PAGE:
This idea of an ageless consumer is also reaching entertainment. We have Egypt’s latest prime-time TV chat show host, Abla Fahita—she’s a puppet, a diva who speaks her mind and says “I’m proud to be an outgoing middle-aged widow making her later age even better than her first.” And I believe that’s the way most of our generation b-old thinks today. [Editor’s note: Abla Fahita is the property of J. Walter Thompson Entertainment and appears regularly on Egyptian television.]

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You’ve written about Arabic regaining its ‘cool’ factor. What’s driving this and where is it headed?

Up until recently, the Arabic content that people were exposed to was quite bland. But today, Arabic is becoming cool thanks to an evolving trend that we first noticed a couple of years back. In 2012, we noticed that the region began producing world-class products that people were actually proud to be associated with. People came to realize that indigenous Arabic products can be cool.

Now this mindset is spilling over into Arabic culture as a whole. We’re seeing a revival of Arabic music, art, educational content—all in our mother tongue, Arabic. Our name for this trend is “bil 3arabi”—which, literally translated, means “in Arabic.”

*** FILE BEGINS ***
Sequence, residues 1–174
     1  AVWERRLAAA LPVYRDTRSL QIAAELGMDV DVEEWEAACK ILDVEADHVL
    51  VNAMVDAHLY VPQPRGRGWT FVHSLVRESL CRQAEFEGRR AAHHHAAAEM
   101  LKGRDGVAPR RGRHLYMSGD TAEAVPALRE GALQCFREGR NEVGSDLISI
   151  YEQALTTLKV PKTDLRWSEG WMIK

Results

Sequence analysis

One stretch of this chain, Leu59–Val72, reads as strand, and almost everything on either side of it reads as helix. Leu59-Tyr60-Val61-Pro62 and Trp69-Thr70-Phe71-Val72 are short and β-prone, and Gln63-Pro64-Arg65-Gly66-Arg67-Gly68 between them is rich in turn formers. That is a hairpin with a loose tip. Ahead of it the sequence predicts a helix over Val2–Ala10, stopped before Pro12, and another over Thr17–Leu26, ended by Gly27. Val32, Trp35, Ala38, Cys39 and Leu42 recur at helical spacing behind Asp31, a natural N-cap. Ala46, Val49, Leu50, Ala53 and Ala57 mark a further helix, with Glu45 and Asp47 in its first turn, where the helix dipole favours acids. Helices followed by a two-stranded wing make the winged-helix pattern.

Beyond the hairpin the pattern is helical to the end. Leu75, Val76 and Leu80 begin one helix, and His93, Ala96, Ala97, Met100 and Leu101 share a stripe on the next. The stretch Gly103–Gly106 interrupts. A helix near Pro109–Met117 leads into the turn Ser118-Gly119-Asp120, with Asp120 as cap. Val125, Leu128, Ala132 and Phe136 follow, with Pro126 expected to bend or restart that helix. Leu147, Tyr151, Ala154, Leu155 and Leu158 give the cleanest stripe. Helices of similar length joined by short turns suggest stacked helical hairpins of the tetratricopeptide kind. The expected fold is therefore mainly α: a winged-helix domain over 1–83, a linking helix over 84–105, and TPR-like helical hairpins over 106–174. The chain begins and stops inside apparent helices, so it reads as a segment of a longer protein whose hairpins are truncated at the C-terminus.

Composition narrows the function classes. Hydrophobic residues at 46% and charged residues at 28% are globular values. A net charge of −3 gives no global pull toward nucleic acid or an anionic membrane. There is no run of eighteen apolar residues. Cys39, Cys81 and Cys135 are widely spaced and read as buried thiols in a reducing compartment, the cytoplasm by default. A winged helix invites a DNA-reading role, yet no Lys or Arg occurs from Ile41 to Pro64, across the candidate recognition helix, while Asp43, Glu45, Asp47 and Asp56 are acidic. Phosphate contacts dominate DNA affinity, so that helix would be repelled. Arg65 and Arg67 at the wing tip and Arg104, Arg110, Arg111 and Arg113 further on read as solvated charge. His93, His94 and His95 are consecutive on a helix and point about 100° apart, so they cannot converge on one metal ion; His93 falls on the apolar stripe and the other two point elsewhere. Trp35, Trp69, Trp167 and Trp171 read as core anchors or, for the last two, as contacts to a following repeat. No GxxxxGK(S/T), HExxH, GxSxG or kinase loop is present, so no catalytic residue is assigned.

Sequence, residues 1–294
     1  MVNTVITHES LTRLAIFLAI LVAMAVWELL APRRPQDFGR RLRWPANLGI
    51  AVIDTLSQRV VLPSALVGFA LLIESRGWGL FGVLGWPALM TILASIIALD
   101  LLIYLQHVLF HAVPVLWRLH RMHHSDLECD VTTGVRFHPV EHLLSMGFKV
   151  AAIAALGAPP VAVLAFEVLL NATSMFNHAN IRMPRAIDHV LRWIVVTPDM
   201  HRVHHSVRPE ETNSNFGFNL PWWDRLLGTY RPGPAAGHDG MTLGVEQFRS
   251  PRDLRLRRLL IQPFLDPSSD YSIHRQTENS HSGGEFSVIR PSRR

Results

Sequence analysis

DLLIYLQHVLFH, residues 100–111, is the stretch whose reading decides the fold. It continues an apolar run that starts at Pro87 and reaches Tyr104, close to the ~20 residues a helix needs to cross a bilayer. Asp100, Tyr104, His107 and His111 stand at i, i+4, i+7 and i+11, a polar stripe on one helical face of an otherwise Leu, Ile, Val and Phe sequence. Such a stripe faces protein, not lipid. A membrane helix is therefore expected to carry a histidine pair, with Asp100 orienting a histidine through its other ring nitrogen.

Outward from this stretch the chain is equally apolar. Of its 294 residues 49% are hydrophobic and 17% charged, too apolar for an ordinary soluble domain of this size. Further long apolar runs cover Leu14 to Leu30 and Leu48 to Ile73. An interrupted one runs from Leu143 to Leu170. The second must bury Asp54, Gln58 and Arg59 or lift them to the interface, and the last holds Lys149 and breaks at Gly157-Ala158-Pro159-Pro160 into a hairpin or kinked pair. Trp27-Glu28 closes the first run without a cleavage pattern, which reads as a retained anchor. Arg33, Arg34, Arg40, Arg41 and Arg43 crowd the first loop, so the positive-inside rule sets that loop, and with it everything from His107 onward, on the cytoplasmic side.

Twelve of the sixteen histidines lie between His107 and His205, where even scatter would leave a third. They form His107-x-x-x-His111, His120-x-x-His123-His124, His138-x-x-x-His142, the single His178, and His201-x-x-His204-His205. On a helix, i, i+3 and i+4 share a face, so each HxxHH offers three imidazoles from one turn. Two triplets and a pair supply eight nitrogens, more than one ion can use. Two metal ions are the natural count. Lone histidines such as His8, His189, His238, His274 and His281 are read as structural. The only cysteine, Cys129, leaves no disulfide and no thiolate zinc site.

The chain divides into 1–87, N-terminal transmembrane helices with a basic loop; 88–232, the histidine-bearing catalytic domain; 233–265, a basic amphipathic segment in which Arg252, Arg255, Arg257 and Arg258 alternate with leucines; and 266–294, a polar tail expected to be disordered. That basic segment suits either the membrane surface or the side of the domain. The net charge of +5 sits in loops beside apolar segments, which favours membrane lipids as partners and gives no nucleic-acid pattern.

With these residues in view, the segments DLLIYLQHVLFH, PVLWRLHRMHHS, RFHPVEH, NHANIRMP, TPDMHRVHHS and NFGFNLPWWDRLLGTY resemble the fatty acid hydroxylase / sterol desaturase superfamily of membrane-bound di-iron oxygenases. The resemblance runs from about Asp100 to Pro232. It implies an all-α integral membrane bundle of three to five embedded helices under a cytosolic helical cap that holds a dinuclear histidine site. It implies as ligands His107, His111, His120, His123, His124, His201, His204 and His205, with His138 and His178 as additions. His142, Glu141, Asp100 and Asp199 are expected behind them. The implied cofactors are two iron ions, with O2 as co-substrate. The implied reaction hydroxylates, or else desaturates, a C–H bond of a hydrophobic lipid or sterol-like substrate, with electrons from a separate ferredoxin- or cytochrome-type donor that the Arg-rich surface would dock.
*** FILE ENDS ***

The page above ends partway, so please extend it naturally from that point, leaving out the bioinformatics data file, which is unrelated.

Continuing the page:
People are taking this even further and creating a whole new Arabic lexicon for today’s online communication. We’re seeing Arabic emoticons, Arabic keyboards, and new words and catch phrases catch on. Consumers will no longer accept old-fashioned Arabic content—they’re expecting brands to speak to them in Arabic, but in ways that are more relevant.

A majority of your respondents said the Middle East was becoming more liberal than ever before. What does this mean for brands?

Over the past three years since we’ve been looking at trends in the Middle East, we’ve noticed that people’s response to this sentiment is increasing. What we mean by “liberal” is becoming more open-minded to new ideas that are not long-held traditions. We attribute this to hyper-connectivity—the region is one of the fastest growing regions when it comes to smartphone penetration. This unlimited access to the world has really enriched people’s experiences and therefore their expectations. We’re seeing people experiment with synergistic elements of different cultures.

When we say the Middle East is becoming more liberal, it still never really departs from its core religious and moral values. Nonetheless, as a result of the Middle East becoming more open to new ideas, we’re seeing new social norms that didn’t exist before.

How would you sum up the differences between consumer trends in the Middle East and other markets?

On the whole, when it comes to behavioral trends, there are a lot of similarities between the Middle East and the rest of the world. But when it comes to technology, we’ve tended to lag behind.

What was interesting for us to see in the report was how fast the Middle Eastern consumer is catching up to the global consumer. We’re seeing slight nuances dictated mostly by religion, but otherwise aspirations and needs are becoming quite similar. It won’t be long before we’re on a par with the rest of the world, even in the technology sector.